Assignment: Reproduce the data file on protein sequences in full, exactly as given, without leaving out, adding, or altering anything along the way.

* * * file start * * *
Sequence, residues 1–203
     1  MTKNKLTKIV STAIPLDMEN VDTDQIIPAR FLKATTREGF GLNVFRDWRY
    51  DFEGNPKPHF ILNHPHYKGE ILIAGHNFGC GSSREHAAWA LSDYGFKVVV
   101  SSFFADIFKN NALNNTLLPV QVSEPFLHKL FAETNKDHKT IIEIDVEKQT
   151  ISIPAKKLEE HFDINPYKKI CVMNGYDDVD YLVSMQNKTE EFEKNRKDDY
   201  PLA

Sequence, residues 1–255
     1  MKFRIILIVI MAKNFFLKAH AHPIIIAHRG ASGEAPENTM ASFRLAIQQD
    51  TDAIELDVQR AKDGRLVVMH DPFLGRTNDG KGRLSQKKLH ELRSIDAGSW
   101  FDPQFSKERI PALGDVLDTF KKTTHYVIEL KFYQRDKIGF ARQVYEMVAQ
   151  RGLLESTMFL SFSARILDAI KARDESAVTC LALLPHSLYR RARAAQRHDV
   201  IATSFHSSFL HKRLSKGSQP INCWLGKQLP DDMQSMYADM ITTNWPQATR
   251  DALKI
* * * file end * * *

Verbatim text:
Sequence, residues 1–203
     1  MTKNKLTKIV STAIPLDMEN VDTDQIIPAR FLKATTREGF GLNVFRDWRY
    51  DFEGNPKPHF ILNHPHYKGE ILIAGHNFGC GSSREHAAWA LSDYGFKVVV
   101  SSFFADIFKN NALNNTLLPV QVSEPFLHKL FAETNKDHKT IIEIDVEKQT
   151  ISIPAKKLEE HFDINPYKKI CVMNGYDDVD YLVSMQNKTE EFEKNRKDDY
   201  PLA

Sequence, residues 1–255
     1  MKFRIILIVI MAKNFFLKAH AHPIIIAHRG ASGEAPENTM ASFRLAIQQD
    51  TDAIELDVQR AKDGRLVVMH DPFLGRTNDG KGRLSQKKLH ELRSIDAGSW
   101  FDPQFSKERI PALGDVLDTF KKTTHYVIEL KFYQRDKIGF ARQVYEMVAQ
   151  RGLLESTMFL SFSARILDAI KARDESAVTC LALLPHSLYR RARAAQRHDV
   201  IATSFHSSFL HKRLSKGSQP INCWLGKQLP DDMQSMYADM ITTNWPQATR
   251  DALKI